I'm looking forward to your discovering this show, Siskoid. I'm really looking forward to you getting to "The Call", which has the future League, and "Return of the Joker", since that's a great end cap to the series. There are others, but I don't want to spoil them for you. :)

Anonymous said...

Inque isn't bad, especially since her story revolves around her mother as I recall.

Maybe the problem with the other villains was that they simply weren't developed to a degree where I could care about them.

LiamKav said...


Arrrgghhhhh! I ordered and received the first two Justice League box sets from Amazon US (as there aren't UK releases of these), and completely forgot about Batman Beyond. Now I'll be hopelessly behind unless there are comics getting in the way.

FACT: In the UK (and elsewhere), the show was called "Batman of the Future" for some reason that I can't quite be bothered to look up.

Isn't "Return of the Joker" set between season one and two?

Oh, and Apathy! Greed! Corruption! Power! Hope! Courage! Sexy dancing! Honour! Justice!

Siskoid said...

Return of the Joker was released in December of 2000, in the middle of the third season.

Sorry about the scheduling! After Season 1 there SHOULD be quite a lot of comics to cover though. After Beyond, Static Shock should be alternating with Beyond's seasons at some point(still have to find those), then Zeta Project (same) is right after (but was concurrent with) Justice League Season 1.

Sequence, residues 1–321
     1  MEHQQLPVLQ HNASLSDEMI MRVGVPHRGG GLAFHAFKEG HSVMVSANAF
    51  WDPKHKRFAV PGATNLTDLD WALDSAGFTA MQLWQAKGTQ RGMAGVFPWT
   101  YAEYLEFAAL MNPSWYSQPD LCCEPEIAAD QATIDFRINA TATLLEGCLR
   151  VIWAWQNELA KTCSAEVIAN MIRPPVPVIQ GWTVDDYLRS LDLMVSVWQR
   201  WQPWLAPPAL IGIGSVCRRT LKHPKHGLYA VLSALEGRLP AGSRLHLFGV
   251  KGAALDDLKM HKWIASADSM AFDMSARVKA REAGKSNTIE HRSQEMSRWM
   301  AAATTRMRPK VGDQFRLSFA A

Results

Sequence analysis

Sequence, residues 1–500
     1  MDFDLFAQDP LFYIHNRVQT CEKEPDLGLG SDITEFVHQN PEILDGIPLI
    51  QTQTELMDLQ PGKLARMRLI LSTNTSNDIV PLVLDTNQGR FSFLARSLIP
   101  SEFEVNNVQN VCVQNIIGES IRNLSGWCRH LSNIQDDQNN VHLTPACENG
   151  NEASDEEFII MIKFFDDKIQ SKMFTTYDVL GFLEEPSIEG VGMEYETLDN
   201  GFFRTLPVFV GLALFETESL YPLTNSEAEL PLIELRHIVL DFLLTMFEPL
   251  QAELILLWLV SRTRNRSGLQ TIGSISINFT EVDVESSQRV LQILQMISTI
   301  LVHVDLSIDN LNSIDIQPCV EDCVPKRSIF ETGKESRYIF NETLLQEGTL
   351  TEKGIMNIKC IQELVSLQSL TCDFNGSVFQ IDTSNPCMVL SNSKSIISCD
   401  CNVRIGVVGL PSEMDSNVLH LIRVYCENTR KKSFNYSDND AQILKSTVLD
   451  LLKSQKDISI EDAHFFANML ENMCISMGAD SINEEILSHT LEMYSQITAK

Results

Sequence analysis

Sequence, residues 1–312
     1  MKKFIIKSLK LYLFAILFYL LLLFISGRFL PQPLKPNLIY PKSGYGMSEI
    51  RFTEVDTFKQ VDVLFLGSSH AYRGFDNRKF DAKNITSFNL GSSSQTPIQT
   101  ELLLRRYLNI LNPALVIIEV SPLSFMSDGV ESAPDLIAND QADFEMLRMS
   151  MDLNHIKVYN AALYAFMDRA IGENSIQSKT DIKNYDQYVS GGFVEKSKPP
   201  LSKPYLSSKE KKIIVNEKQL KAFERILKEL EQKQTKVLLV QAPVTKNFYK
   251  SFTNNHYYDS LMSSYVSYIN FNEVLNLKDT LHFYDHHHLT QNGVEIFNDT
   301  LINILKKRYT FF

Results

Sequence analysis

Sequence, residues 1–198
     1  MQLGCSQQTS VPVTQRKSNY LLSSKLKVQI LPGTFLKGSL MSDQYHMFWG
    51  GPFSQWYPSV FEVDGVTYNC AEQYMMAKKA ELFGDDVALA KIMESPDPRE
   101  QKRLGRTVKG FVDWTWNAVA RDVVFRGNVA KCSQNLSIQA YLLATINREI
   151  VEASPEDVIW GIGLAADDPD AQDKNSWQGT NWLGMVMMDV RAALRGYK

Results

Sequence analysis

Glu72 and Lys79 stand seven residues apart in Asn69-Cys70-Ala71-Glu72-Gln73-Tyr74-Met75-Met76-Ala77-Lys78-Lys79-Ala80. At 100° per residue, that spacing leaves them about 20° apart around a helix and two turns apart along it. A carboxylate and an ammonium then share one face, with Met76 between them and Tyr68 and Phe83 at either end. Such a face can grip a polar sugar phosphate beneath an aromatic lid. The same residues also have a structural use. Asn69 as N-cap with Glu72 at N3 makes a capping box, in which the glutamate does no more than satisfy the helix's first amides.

It gets complicated.

Green Luthor said...

"The Jokers are a bad joke; we're going to see that all the good villains are hand-me-downs of Bruce's."

Actually, they're more hand-me-downs of Spider-Man's, I'd say. :) (More than a few of the new villains in Beyond would seem to have counterparts in Spidey's rogues' gallery; enough that it really doesn't seem unintentional...)

Gene Hendricks said...

I always put Return of the Joker (I can't abbreviate it because ROTJ = Return of the Jedi in my mind) after the 3rd season because it's got Mark Hamill coming back to the role, and that's too special not to have on it's own.

Brendoon said...

I really like the aged Bruce.
I DID find the series a bit "shouty" though, if you know what I mean.
Kinda angry in tone, pr'aps not as bad as some of the Transformer cartoons from the same time.

Anonymous said...

Ooooooh, no dude! Beast Wars was great and one of the best Transformers cartoons that there was!

Wait a sec... Sorry, my mistake. It was concurrent with Beast Machines. You're right. That was very shouty.

Regarding the Spider-Man comments... I've seen a fair few people describe Batman Beyond as "what if Marvel's best character was also DC's best character", so I guess it makes sense. (I was gonna say "what if the best comic character was also the second best comic character, but that way fanboy arguments lie.)

Andrew said...

When the network demands you make tham a teenage Batman show, you know people are going to compare the final product to Spider-Man (even if Spider-Man hadn't been in high school in decades and the Ultimate launch that would put him there was still a few years away). Makes sense to lampshade it in the rogues gallery.